Duduzane Zuma Donates Money – Recently, we reported that President Jacob Zuma’s favourite son, Duduzane Zuma, confirmed that he has started selling his shares in Gupta-owned Oakbay companies.
Duduzane disclosed that he’s selling his shares in order to focus his time on clearing his name. Now, the president’s son has promised to donate proceeds from the sales towards youth development.
He said in a statement: “Last year I committed to selling my shares in Oakbay companies and this process is currently underway. I have decided that ALL (100%) of the money from the sale of the shares in the media businesses will go to a new Youth Development Programme specifically focused on creating real and sustainable jobs.”
“While this new programme has a specific interest in graduates, it will be for ALL young people, male and female, regardless of background.”
In addition, Duduzane promised to provide more details of the project in coming weeks.
According to reports, the president’s son owns shares said to be worth R850 million in Gupta-owned companies, which he made through his company – Mabengela Investments.
Duduzane is currently a director of seven companies in the country. He was formerly a director of 21 Gupta-owned companies but he resigned from most of them in 2016 after he was implicated in the state capture saga.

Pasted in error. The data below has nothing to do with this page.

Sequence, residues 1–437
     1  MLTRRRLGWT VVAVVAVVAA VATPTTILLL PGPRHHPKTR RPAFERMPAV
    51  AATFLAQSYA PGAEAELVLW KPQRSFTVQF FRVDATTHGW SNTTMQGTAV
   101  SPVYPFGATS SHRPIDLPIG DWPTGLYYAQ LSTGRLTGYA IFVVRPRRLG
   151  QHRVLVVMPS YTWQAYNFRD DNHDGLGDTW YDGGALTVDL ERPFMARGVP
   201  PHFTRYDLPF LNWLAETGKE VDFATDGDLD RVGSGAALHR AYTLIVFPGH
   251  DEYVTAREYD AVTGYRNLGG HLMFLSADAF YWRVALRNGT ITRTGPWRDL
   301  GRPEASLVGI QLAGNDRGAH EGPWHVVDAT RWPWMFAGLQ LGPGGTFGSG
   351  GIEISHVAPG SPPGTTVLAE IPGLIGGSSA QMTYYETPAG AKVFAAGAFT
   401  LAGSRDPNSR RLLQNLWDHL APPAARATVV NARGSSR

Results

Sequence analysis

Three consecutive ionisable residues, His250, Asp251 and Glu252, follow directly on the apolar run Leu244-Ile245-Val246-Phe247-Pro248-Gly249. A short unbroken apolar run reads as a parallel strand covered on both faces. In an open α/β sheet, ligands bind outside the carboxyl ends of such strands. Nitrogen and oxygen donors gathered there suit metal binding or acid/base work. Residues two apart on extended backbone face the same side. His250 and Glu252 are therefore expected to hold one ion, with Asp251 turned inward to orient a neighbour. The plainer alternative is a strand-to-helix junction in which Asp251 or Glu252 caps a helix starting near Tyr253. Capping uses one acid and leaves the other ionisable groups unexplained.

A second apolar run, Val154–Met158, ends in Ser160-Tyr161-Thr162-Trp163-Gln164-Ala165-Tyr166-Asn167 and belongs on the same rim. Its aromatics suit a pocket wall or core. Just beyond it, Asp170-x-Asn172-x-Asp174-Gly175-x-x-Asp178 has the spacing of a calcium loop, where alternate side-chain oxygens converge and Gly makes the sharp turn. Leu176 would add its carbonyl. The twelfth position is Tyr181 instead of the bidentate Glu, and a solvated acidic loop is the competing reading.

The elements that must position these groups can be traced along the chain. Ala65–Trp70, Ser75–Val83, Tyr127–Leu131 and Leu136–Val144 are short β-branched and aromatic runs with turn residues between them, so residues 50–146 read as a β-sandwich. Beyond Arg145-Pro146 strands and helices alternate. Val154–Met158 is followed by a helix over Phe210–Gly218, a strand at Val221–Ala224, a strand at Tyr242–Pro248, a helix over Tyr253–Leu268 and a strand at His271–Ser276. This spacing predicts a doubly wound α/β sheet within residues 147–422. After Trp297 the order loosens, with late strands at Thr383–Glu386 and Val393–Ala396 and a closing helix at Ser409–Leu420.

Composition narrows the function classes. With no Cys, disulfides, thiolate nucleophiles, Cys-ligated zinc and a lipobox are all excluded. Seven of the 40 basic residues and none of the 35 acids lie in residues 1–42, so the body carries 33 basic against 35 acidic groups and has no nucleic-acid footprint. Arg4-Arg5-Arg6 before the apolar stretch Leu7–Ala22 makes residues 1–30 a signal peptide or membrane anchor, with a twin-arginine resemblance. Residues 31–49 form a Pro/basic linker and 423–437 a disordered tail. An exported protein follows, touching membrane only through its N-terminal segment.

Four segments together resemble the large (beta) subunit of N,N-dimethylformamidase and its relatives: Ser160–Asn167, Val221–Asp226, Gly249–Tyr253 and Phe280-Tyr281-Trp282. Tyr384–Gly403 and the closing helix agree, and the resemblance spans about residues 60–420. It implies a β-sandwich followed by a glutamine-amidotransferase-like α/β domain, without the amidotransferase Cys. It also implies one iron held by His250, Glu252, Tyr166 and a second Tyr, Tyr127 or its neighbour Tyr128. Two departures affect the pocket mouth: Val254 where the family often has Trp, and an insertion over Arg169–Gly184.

The leaked Gupta emails showed that Zuma’s son is well-connected to the Gupta family and their businesses. The leaks also showed that they bought him an expensive home in Dubai, organised and paid for his wedding and helped in cleaning up messes in his personal life.
In August, Oakbay announced that it has sold its media assets – Infinity Media and The New Age – to a former government spokesperson, Mzwanele Manyi, for R300m and R150m respectively.
The company also recently announced that it had sold its mining outfit Tegeta which comprises Optimum, Koornfontein, and the Optimum Coal Terminal for R2.97 billion.
Although no one knows the truth behind the sales, the Gupta family, however, claimed that they sold their assets due to the closure of their accounts by some banks.